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    How Formaldehyde Inhibits Hydrogen Evolution by [FeFe]-Hydrogenases: Determination by13C ENDOR of Direct Fe–C Coordination and Order of Electron and Proton Transfers

    Bachmeier, Andreas and Esselborn, Julian and Hexter, Suzannah V. and Krämer, Tobias and Klein, Kathrin and Happe, Thomas and McGrady, John E. and Myers, William K. and Armstrong, Fraser A. (2015) How Formaldehyde Inhibits Hydrogen Evolution by [FeFe]-Hydrogenases: Determination by13C ENDOR of Direct Fe–C Coordination and Order of Electron and Proton Transfers. Journal of the American Chemical Society, 137 (16). pp. 5381-5389. ISSN 0002-7863

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    Formaldehyde (HCHO), a strong electrophile and a rapid and reversible inhibitor of hydrogen production by [FeFe]-hydrogenases, is used to identify the point in the catalytic cycle at which a highly reactive metal-hydrido species is formed. Investigations of the reaction of Chlamydomonas reinhardtii [FeFe]-hydrogenase with formaldehyde using pulsed-EPR techniques including electron–nuclear double resonance spectroscopy establish that formaldehyde binds close to the active site. Density functional theory calculations support an inhibited super-reduced state having a short Fe–13C bond in the 2Fe subsite. The adduct forms when HCHO is available to compete with H+ transfer to a vacant, nucleophilic Fe site: had H+ transfer already occurred, the reaction of HCHO with the Fe-hydrido species would lead to methanol, release of which is not detected. Instead, Fe-bound formaldehyde is a metal-hydrido mimic, a locked, inhibited form analogous to that in which two electrons and only one proton have transferred to the H-cluster. The results provide strong support for a mechanism in which the fastest pathway for H2 evolution involves two consecutive proton transfer steps to the H-cluster following transfer of a second electron to the active site.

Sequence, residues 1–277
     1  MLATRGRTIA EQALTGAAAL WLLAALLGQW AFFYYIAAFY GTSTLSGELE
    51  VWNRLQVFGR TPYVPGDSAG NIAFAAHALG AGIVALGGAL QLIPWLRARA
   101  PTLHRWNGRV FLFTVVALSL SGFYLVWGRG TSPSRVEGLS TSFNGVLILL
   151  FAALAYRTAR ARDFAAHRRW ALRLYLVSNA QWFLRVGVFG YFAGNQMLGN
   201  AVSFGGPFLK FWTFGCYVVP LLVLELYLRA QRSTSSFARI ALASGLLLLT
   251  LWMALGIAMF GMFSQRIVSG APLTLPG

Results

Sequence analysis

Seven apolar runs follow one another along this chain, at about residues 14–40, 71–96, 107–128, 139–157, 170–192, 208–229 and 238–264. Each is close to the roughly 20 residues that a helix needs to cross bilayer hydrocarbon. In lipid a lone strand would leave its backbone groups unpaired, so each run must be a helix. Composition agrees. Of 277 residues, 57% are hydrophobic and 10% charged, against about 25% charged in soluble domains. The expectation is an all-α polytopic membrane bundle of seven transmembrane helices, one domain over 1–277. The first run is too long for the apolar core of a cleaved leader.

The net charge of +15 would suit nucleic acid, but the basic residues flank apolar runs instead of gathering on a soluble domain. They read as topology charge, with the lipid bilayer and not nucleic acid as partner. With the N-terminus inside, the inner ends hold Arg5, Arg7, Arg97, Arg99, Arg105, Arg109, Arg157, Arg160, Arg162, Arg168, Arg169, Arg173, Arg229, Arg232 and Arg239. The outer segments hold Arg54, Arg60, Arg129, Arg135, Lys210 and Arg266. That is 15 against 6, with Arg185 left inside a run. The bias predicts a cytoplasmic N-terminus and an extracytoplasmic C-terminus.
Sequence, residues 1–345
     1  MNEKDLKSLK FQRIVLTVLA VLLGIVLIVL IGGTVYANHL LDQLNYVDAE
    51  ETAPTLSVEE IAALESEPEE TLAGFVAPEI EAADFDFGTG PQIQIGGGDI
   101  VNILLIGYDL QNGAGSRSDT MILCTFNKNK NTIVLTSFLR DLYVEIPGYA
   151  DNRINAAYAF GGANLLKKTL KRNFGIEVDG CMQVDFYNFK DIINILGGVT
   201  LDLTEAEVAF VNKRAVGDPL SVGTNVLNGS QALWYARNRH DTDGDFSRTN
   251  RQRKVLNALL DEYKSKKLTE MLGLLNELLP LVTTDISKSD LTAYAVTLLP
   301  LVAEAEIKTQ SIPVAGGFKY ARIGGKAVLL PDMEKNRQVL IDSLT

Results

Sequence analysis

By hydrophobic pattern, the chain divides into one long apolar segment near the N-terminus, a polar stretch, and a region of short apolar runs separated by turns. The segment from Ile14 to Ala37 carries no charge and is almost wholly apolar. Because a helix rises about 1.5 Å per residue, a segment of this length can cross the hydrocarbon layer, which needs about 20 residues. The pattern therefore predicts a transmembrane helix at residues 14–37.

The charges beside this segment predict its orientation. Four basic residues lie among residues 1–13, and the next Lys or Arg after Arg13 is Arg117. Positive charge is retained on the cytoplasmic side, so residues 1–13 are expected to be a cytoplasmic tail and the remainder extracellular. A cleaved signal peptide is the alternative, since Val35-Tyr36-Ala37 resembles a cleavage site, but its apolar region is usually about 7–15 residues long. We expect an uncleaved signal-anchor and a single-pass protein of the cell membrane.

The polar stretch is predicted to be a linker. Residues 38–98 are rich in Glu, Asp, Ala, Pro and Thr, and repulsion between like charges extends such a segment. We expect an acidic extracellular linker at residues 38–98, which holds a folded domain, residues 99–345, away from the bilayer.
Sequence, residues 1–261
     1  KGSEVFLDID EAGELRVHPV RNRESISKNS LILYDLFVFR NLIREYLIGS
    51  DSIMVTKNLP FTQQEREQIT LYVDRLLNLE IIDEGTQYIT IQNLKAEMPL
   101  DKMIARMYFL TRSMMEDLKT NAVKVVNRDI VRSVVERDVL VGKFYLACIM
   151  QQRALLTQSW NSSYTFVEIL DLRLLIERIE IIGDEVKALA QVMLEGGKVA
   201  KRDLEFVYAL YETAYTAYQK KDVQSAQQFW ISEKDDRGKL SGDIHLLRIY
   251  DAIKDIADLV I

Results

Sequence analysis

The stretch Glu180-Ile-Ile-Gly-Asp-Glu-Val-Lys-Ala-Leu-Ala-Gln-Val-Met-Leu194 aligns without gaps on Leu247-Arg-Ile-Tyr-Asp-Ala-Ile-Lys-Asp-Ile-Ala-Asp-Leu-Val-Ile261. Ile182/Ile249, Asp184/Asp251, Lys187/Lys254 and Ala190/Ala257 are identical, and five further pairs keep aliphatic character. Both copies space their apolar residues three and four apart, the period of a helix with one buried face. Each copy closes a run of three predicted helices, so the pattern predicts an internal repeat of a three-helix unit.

Item Type: Article
    Keywords: Formaldehyde; Inhibits; Hydrogen; Evolution; FeFe-Hydrogenases; Determination; 13C ENDOR; Direct Fe–C Coordination; Order; Electron; Proton Transfers;
    Academic Unit: Faculty of Science and Engineering > Chemistry
    Faculty of Science and Engineering > Research Institutes > Hamilton Institute
    Item ID: 15492
    Identification Number:
    Depositing User: Tobias Kraemer
    Date Deposited: 14 Feb 2022 17:09
    Journal or Publication Title: Journal of the American Chemical Society
    Publisher: American Chemical Society
    Refereed: Yes
    Use Licence: This item is available under a Creative Commons Attribution Non Commercial Share Alike Licence (CC BY-NC-SA). Details of this licence are available here

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